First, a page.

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Old 01-07-2018, 06:23 AM
 
Location: Ypsilanti, MI
2,435 posts, read 3,659,178 times
Reputation: 4778

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Quote:
Originally Posted by Corvette Ministries View Post
I don't think the OP is looking for part time work in his old field, or even to work into retirement with his own car.

He wants to drive somebody else's brand new car, and who could blame him!
You spend a lot of time driving junkers to Auction too - with a chase vehicle because the junkers are so bad........
Driving someone else's worn out 10-15 year old self-propelled ash tray, with sticky substances on the seats you try not to think about.
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Old 01-07-2018, 06:38 AM
 
Location: R.I.
970 posts, read 603,310 times
Reputation: 4175
Quote:
Originally Posted by markg91359 View Post
Do car dealerships offer opportunities for seniors to transport cars around regions or the entire country?

I am far from retired, but it is something that appeals to me. Does anyone here do that or have they done it in the past?

How could a senior with a good driving record take advantage of an opportunity like this?
How I met my SO other was at the time he was selling cars and I purchased a car from him. His dealership hired many retired seniors that did various jobs. I met one that was the dealership greeter, another who would get the cars washed in their drive through car wash after the cars were serviced, and another would just register cars all day at the DMV.

The woman that cares for my cats when we are on vacation her husband in his mid 70s works for a Toyota dealership and picks up and delivers cars all over New England and has been doing this since he retired 10 years ago.

So yes, dealerships do hire retired individuals for various work.
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Old 01-07-2018, 07:09 AM
 
779 posts, read 518,213 times
Reputation: 2669
A slightly different thing.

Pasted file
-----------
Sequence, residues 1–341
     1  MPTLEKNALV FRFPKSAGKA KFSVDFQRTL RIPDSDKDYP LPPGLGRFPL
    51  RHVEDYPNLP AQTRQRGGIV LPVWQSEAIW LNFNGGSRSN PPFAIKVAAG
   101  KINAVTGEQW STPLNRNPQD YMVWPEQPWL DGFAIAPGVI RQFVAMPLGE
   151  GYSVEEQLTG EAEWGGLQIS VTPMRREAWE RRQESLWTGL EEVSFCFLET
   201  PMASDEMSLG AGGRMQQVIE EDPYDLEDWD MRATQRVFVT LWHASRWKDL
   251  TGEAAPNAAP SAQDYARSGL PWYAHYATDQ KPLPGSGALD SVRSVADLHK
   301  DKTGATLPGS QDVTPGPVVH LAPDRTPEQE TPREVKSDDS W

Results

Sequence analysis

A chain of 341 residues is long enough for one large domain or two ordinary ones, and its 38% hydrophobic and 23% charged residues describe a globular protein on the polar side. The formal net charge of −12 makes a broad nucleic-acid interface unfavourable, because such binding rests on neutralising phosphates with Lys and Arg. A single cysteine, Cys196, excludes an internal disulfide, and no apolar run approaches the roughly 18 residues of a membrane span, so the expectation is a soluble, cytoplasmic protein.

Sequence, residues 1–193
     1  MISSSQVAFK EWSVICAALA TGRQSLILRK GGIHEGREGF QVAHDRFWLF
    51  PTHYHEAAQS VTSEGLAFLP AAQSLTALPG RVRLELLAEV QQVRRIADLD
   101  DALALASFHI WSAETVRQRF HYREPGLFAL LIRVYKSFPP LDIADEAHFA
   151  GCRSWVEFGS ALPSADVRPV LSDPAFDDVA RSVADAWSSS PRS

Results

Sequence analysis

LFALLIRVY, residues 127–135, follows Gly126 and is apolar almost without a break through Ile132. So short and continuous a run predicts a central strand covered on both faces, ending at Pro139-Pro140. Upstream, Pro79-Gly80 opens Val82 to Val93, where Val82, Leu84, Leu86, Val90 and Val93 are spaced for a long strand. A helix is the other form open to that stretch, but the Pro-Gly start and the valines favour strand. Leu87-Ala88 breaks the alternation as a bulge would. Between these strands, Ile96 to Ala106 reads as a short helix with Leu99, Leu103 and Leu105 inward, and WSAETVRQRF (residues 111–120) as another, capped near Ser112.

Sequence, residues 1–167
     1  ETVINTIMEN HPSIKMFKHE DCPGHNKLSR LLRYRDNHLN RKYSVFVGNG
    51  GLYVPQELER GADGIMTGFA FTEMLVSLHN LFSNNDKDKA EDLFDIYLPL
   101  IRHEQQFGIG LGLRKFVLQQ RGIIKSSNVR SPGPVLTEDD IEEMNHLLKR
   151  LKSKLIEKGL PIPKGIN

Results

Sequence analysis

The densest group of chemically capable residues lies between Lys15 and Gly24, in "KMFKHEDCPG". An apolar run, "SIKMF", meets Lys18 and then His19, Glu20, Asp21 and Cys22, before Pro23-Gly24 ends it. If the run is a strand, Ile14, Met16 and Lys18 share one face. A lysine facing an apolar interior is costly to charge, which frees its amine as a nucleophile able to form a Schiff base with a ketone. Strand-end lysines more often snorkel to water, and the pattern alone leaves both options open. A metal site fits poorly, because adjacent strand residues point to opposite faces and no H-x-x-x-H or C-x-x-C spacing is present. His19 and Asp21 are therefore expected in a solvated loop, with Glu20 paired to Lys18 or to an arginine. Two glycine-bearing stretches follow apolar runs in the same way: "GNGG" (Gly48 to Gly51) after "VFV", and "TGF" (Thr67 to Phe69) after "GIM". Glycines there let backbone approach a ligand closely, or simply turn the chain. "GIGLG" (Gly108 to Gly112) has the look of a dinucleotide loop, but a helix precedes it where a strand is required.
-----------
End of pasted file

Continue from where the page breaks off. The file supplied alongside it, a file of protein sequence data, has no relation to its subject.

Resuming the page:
Motorhome builders need to get brand new units to dealers . The class A units are way too big to be on a flat bed. The majority of the builders are in Indiana, for some reason. The deal is....you register as a potential delivery driver, and provide your references and DL information. The builder company pays the costs of the delivery, such as fuel, insurance, any state permits, and so on. You drive, at the posted speed limit ( these are brand new engines after all ) and stay in motels ( do not use kitchen, shower or toilet in motor home ) and call in each day ( on their 1-800 line ) on route to advise of your current location.


Upon arrival at the destination, the dealer will want to do a full inspection of the new unit. Once it has been signed off, you call the builder and advise them that you are finished. If you have brought a toad with you, you now get in the small car and drive back, either home or to the builder for another trip.


What does it pay ? By the mile, with a daily amount for meals and motels. A buck a mile is not unusual. The builder considers the cost of delivery as a part of the cost of the sale. The dealer may be paying a part of the delivery cost, too. If you do this full time set up a proper legal business, to take advantage of the tax deductions that are available .


If a person has a commercial driving license, with recent truck driving experience, the specialty vehicle builders are looking for drivers to deliver odd or over size new vehicles. Fire trucks, cranes, garbage trucks, school buses, you name it somebody makes them, someplace. With this type of work, you get paid per mile, and you get a paid flight back to your starting point. How much you work depends on your needs.